If the state of Nebraska isn’t going to stand in the way of this pipeline, however, the indigenous peoples who have lived here for millennia – and whose rights and interests have been as systematically ignored as the Mountain Plover’s – will. Over the past three days at the Fort Randall Casino near Wagner, SD, tribes from across the continent have been meeting to reaffirm their treaty rights in an unprecedented Gathering to Protect the Sacred. Spearheaded by the Ihanktonwan (Yankton Sioux), Ponca and Pawnee Nations on the 150th anniversary of the 1863 Treaty between the Pawnee Nation and the Yankton Sioux Tribe, the goal of the gathering is to reaffirm that treaty and to sign a new one in opposition to KXL:
The new treaty will build on the United Nations’ Declaration of the Rights of Indigenous Peoples, the Save the Fraser Declaration and the 16 Principles for Building a Sustainable and Harmonious World, the latter of which Lane was a part of creating. The treaty will also aim to protect specific water sources such as the Ogallala aquifer, which runs beneath the Great Plains region of the US.
The draft treaty will be discussed with the leaders and a legal team before nations sign in. Conference organizers extended an invitation to President Obama to send a representative to the gathering by so far have received no response.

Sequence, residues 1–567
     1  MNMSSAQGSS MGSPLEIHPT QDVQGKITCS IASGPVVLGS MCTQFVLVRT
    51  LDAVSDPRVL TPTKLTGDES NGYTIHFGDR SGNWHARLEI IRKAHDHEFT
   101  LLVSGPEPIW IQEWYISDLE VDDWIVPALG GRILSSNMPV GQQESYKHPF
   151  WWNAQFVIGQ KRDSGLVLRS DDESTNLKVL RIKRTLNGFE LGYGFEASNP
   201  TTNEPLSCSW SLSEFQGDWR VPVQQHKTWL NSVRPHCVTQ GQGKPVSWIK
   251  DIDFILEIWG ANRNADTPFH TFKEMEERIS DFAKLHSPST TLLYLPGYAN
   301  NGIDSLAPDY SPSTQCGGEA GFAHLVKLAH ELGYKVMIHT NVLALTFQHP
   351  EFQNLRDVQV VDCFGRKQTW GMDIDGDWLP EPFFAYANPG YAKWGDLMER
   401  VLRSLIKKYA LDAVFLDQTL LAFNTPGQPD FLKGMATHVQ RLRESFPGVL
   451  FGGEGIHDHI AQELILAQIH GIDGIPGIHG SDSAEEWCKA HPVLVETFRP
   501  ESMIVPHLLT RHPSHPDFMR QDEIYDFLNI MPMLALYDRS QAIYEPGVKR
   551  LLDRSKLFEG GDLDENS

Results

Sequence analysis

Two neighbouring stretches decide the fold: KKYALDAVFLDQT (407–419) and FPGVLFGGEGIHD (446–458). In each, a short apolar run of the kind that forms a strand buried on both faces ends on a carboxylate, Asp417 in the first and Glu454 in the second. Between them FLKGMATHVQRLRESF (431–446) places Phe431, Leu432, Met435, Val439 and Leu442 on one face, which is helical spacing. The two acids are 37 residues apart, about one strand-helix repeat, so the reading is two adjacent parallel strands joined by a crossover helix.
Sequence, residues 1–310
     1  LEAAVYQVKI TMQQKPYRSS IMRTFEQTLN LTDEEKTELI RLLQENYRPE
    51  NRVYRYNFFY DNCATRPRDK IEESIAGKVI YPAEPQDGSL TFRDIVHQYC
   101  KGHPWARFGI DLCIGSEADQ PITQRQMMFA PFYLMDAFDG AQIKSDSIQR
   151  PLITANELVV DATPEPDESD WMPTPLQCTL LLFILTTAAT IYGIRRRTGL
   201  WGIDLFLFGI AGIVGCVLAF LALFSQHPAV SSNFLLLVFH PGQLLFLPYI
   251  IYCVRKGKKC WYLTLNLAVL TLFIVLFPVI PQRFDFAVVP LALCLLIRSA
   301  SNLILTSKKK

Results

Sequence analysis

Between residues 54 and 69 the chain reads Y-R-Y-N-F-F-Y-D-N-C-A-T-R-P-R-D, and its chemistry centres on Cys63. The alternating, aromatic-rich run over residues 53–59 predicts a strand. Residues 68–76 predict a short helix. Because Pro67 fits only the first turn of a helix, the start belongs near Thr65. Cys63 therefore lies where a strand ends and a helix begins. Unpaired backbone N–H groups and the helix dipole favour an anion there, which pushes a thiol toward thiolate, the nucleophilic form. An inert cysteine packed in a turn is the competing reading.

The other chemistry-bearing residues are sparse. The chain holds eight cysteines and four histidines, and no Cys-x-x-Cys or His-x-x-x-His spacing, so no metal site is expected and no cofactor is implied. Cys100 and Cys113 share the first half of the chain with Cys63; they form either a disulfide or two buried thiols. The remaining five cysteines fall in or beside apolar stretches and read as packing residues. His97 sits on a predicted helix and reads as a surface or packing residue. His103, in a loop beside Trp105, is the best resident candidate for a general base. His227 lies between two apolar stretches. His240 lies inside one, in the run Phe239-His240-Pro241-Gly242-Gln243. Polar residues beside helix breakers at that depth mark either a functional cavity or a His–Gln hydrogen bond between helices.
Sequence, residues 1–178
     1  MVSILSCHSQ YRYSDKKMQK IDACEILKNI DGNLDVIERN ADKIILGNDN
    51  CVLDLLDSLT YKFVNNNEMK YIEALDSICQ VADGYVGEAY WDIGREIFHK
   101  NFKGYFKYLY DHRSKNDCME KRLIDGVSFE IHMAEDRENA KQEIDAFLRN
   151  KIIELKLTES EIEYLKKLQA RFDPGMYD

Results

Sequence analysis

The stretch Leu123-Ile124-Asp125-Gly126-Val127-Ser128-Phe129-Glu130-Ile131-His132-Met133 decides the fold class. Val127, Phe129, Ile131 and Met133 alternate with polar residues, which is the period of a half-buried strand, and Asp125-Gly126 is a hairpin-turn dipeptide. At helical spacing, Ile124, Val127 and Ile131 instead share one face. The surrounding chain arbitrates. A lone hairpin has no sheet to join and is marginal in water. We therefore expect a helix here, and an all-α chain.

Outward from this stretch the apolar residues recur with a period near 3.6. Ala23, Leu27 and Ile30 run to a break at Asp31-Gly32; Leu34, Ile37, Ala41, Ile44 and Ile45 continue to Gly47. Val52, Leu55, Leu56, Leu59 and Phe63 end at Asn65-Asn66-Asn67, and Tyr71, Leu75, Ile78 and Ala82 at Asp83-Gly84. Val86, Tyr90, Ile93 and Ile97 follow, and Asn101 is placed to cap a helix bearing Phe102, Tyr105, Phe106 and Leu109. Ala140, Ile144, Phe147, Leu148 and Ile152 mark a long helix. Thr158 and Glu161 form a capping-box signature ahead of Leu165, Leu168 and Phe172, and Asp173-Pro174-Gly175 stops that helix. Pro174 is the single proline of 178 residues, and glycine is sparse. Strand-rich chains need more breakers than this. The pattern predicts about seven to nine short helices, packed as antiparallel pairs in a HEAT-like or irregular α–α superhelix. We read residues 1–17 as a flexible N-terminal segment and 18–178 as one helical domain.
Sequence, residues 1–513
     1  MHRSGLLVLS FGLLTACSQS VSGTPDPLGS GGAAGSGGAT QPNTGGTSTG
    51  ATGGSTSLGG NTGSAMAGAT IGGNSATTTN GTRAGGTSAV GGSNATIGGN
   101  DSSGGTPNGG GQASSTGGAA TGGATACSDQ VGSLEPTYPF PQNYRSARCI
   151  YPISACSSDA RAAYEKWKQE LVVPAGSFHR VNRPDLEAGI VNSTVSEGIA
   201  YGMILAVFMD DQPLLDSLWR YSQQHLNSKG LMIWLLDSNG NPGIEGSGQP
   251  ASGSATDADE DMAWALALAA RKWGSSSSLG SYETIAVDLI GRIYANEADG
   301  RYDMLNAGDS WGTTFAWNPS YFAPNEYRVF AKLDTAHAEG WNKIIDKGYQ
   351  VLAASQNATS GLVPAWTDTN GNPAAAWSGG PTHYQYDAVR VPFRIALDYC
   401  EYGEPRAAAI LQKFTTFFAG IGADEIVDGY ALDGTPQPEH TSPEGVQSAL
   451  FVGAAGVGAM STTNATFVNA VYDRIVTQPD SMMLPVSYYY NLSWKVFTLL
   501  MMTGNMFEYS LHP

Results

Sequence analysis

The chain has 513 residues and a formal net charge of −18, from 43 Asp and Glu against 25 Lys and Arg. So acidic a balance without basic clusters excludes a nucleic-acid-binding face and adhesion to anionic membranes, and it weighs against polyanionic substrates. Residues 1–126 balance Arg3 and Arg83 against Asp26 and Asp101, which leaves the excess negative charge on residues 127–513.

Echoing the sentiments of the Idle No More movement, Lane said this is ultimately about uniting the whole of the human family and recognizing that protecting the land and the water is the responsibility of all peoples.
“We’re binding together to protect one another from the tar sands project across the United States and Canada. The violation of the sovereignty of one nation in Canada is the violation of all our sovereignty across the United States,” he said.
You probably haven’t heard much about this historic event from the local media – when has the dominant white culture ever paid attention to our Native neighbors? I had to go to the Vancouver Observer to find coverage of the Gathering. But rest assured, this is big.
The President of the SD Peace & Justice Center, Rosalie Little Thunder, attended the gathering, and we will have more details in coming days. For now though, the question must be asked: who is President Obama going to listen to?
After all, the power to approve this pipeline is in hands – and so too is the power to stop it. Will he side with Dave Heineman and TransCanada? Or will he break the pattern of American history and finally listen to the indigenous peoples of this continent? Will he listen to the tens of thousands who are expected to attend the Forward on Climate Rally in Washington, D.C. over President’s Day weekend?
He and we can no longer afford not to take sides. Let us hope our grandchildren can look back and say we took the right side for their futures.